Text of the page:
Career adaptability is created through a system of pathways that connect employment opportunities and advancement. Gaining skills in decision making, planning, exploration, and confidence allows workers to master vocational transitions as they continue developing in their careers (Hirschi, 2009, pg. 3). Currently, the U.S. spends an estimated $400 billion a year on post-secondary education; however, there is a misalignment of post-secondary skills between schools and the workforce (Austin, Mellow, Rosin, Seltzer, 2012). Career adaptability would carry these skills to the workforce.
Workers gain portable, stackable credentials through proper education and training. These credentials also allow workers’ qualifications to accumulate, are recognized across the country, and follow workers if they change locations. In the U.S., 51% of post-secondary programs take less than a year and 41% take between one and two years (Austin, Mellow, Rosin, Seltzer, 2012). Short training periods make career adaptability programs efficient, and once completed, students enter the job market at accelerated rates.
By having educational programs and businesses work together to create pathways for workers, the gap between education and the workforce decreases. An easy, simple pathway helps people advance their skillset and seek higher-paying jobs. The increase of post-secondary graduates offers a ready and trained workforce. By having trained workers in local economies, the United States’ labor market becomes more competitive. The national economy benefits through the partnership of government, businesses, and education programs (Albrecht, 2011, pg. 19).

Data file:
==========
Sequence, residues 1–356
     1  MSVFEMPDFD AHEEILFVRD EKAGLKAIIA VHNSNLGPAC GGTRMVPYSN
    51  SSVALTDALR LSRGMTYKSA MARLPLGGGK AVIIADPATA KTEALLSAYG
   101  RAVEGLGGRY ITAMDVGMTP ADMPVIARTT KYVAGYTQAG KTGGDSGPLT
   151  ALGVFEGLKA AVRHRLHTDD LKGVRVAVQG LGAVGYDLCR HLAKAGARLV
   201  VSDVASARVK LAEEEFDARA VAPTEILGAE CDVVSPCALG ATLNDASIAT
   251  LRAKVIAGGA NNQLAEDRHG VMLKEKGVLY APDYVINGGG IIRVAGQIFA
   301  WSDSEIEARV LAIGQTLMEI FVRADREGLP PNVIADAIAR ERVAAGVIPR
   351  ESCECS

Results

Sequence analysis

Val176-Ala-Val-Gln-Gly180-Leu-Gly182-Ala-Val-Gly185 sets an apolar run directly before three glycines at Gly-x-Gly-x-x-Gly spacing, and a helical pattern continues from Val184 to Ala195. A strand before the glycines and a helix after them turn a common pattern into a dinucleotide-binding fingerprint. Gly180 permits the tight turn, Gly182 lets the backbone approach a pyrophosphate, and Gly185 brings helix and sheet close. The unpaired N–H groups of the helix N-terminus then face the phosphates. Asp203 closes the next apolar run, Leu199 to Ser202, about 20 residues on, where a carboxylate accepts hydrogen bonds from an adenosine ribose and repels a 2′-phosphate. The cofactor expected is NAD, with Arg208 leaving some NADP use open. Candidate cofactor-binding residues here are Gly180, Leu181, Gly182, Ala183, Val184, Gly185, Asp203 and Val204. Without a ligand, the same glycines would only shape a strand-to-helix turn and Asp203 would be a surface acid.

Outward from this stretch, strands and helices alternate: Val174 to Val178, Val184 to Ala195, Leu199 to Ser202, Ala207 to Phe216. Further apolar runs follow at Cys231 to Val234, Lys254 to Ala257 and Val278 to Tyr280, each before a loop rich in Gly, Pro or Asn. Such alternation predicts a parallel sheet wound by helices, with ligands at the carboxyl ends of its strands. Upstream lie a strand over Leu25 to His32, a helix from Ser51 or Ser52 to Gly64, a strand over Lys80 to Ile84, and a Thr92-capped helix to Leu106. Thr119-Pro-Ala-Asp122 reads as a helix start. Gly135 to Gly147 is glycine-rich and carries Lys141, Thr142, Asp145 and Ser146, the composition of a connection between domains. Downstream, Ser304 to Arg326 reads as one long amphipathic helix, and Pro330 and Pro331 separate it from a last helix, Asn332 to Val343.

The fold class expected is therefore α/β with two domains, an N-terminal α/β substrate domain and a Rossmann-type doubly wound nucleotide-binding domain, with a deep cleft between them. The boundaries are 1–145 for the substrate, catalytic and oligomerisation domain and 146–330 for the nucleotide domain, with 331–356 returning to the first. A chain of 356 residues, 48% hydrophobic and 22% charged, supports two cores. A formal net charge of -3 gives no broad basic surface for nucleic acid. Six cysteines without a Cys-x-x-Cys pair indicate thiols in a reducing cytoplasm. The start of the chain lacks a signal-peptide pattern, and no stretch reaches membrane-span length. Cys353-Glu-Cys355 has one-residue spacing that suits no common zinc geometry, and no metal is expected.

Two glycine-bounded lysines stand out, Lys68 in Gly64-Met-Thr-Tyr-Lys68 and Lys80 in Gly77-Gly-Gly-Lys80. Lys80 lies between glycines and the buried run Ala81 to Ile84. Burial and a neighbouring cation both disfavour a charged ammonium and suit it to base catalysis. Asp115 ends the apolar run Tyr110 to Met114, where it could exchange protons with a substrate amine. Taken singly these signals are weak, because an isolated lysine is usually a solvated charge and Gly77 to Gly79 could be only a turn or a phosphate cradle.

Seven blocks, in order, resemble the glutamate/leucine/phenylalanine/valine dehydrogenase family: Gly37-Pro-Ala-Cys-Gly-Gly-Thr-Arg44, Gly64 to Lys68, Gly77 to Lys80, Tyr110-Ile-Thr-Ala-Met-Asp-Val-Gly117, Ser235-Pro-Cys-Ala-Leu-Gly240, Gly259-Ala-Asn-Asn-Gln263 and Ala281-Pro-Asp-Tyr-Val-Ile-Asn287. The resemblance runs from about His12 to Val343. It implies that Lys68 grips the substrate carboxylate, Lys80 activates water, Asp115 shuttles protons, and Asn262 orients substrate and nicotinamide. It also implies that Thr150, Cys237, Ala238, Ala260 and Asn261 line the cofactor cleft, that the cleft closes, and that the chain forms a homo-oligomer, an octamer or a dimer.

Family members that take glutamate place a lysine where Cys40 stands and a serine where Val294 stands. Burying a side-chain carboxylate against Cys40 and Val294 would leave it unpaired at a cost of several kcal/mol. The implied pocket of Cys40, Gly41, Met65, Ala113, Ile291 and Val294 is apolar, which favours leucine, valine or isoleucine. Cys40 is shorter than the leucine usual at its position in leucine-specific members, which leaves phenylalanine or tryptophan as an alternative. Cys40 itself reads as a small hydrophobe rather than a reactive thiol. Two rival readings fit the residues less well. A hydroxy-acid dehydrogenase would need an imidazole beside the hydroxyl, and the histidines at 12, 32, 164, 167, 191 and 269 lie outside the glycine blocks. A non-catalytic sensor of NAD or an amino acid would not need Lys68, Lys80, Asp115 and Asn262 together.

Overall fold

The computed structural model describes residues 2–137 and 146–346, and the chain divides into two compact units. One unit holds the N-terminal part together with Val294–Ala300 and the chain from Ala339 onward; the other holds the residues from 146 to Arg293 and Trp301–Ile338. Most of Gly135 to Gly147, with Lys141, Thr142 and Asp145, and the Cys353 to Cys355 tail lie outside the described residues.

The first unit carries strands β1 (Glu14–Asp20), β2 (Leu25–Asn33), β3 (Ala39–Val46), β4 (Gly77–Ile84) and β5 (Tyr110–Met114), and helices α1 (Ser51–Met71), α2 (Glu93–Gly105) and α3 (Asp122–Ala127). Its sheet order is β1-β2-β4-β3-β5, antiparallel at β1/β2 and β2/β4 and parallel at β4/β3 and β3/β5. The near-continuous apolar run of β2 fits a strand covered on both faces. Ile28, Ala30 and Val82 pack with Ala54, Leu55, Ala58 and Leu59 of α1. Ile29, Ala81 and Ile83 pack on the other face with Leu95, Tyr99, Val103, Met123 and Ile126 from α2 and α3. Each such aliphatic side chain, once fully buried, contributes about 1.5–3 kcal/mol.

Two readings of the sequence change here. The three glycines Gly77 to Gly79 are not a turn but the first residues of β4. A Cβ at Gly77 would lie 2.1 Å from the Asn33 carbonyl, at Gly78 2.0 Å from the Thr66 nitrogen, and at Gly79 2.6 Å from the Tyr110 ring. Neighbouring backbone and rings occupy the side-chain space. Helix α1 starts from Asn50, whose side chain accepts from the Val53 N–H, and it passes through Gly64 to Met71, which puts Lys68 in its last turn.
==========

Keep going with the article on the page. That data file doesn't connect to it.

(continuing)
Through career adaptability, lower-skilled workers, high school students, disconnected youth, and veterans can earn workforce-ready credentials. According to the U.S. Department of Labor, stackable credentials allow an individual to become more educated. Therefore, the individual strengthens the workforce, leading to a positive change in the entire economy (Ganzglass, 2014, pg. 2).
Albrecht, B. (November/December 2011). Growing the Economy by Up-Skilling the American Worker. Techniques. Retrieved from https://files.eric.ed.gov/fulltext/EJ964085.pdf
Austin, J., Mellow, G., Rosin, M., and Seltzer, M. (November 28, 2012). Portable, Stackable Credentials: A New Education Model for Industry-Specific Career Pathways. McGraw-Hill Research Foundation. Retrieved from https://jfforg-prod-prime.s3.amazonaws.com/media/documents/Portable_Stackable_Credentials.pdf
Ebenehi, A., Rashid, A., and Bakar A. (December 2016). Predictors of Career Adaptability Skill among Higher Education Students in Nigeria. International Journal for Research in Vocational Education and Training, 3 (3). Retrieved from https://files.eric.ed.gov/fulltext/EJ1127728.pdf
Ganzglass, E. (March 2014). Scaling “Stackable Credentials”: Implications for Implementation and Policy. Center for Postsecondary and Economic Success. Retrieved from https://files.eric.ed.gov/fulltext/ED561777.pdf
Hirschi, A. (2009). Career Adaptability Development in Adolescence: Multiple Predictors and Effect on Sense of Power and Life Satisfaction. Journal of Vocational Behavior, 74 (2). Retrieved from https://boris.unibe.ch/64670/1/Hirschi_Career%20%20adaptability_2009_unedited.pdf